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North Beach, San Francisco

Walk through the streets of North Beach, San Francisco’s Little Italy, on a cool and foggy San Francisco morning, and your senses are filled with the earthy pungent smell of espresso roasting, and fresh garlic sizzling. North Beach, a neighborhood filled with the ghosts of the Beat Generation, Tai-chi devotees in Washington Park, Italian cafes and espresso bars, was once actually a beach, San Francisco’s northeast shoreline. North Beach, its sandy beach filled in years ago, is framed by what was the Barbary Coast, a hangout for debauchery and the rich, now Jackson’s’ Square, and also Chinatown, Russian Hill, Telegraph Hill and the Financial District. North Beach is where Coit Tower elegantly watches over the city, and where the curves of Lombard Street can only be matched by the curves once found at The Condor Club, opened in 1964, America’s first striptease club.

North Beach served as the gateway to San Francisco for many immigrants from South America, Europe, and also the Australian penal colonies, all arriving at the North Point docks. Italian fisherman, from seaside villages along the Ligurian sea, made their way to San Francisco, where they were able to do what they loved to do – fish.  In 1870 these Italian fishermen were supplying 90 percent of the fish eaten in San Francisco.  These early Italian immigrants made North Beach their home, and brought with them the Italian love of food, wine, and sharing a strong espresso with a good friend at the neighborhood cafe.  Today, these Italian cafes and restaurants spill out onto North Beach’s sidewalks, where passionate coffee lovers and romantics sit close and experience the true North Beach.  From Fior d’Italia, which claims to be America’s oldest Italian restaurant, to Moose’s, Café Trieste, Capp’s Corner, Caffe Sport, Molinari’s Delicatessen, Liguria Bakery, Victoria Pastry Company, North Beach Restaurant, and The Stinking Rose, you will find exquisite Italian cake, a wonderful slice of prosciutto, the perfect bowl of pasta, a beautiful Italian red, and of course, great coffee. Joe Di’Maggio came from this venerable neighborhood, as did Joseph Allioto, the former mayor of San Francisco.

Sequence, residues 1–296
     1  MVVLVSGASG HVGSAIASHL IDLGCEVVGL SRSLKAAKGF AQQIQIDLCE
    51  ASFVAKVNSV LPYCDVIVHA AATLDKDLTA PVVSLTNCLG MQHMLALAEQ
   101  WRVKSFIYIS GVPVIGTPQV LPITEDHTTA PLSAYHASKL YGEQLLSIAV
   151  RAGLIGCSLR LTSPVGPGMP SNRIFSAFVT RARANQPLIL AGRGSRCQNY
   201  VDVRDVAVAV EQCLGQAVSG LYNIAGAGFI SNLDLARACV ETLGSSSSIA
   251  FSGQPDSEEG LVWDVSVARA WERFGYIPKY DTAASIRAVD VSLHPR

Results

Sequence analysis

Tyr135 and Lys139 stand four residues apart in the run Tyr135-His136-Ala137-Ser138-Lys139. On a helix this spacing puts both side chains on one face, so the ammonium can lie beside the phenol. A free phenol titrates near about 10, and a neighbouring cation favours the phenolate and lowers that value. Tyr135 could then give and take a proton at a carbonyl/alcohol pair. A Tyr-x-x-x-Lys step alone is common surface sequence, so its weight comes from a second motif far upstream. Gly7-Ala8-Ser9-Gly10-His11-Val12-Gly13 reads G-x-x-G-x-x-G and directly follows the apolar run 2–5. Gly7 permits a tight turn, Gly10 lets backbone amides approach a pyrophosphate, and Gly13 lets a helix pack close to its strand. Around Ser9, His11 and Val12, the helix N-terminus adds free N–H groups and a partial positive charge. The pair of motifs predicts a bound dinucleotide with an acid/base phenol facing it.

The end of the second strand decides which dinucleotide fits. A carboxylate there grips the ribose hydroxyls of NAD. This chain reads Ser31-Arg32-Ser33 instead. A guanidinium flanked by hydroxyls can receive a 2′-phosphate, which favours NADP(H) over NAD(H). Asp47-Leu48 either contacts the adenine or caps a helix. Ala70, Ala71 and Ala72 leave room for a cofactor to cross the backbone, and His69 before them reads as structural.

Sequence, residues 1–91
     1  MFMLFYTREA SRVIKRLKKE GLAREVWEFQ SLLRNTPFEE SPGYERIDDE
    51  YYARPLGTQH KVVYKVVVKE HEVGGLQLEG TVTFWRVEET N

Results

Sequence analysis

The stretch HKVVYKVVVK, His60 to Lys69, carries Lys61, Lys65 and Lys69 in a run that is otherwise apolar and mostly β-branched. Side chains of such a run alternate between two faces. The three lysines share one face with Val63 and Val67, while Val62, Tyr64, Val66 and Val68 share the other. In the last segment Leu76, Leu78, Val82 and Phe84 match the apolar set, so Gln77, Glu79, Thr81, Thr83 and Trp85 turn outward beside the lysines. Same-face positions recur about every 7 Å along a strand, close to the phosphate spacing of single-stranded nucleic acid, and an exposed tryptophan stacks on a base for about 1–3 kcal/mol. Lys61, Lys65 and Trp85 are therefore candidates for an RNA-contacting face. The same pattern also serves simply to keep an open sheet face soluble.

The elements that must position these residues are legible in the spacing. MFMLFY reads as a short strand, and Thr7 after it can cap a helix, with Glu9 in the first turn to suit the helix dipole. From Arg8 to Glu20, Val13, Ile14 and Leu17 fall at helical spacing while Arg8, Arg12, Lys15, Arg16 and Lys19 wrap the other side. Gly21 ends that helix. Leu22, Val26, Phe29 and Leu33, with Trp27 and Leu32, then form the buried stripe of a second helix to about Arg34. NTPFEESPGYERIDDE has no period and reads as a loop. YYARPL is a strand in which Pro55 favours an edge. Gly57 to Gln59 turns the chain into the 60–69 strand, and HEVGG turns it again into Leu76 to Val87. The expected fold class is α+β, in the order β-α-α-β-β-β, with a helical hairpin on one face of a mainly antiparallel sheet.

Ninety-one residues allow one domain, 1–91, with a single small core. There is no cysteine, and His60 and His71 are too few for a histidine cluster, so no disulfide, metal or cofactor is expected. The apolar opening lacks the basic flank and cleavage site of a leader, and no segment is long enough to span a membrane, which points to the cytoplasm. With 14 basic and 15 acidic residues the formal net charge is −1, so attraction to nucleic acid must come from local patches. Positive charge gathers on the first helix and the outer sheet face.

In the early 1950’s, a post-war restlessness amongst the youth, gave way to a fusion of creative expression, experimentation and energy, and the Beat Generation was born.  Jack Kerouac, the iconic beat poet and author, embodied the Beat movement.  City Lights Bookstore, founded by Lawrence Ferlinghetti in 1953, became a den to thinkers, writers, and poets, creating era defining, cutting edge works, inspired by sweet smoke and jazz, late into the foggy San Francisco nights. City Lights Bookstore, an all-paperback bookstore, is a literary landmark, and is where Allen Ginsberg, Neal Cassady, Ruth Weiss, and William S. Burroughs, performed readings, and where live, poetry readings are still held.

North Beach is also home to many San Francisco cultural institutions from the past and present, including; The Purple Onion – S.F.’s famous comedy club, Enrico Banducci’s Hungry I, Vesuvio’s café – famous Beat generation bar, Enrico’s Sidewalk Café, Washington Square Bar and Grill, and Steve Silver’s riotous revue, Beach Blanket Babylon.

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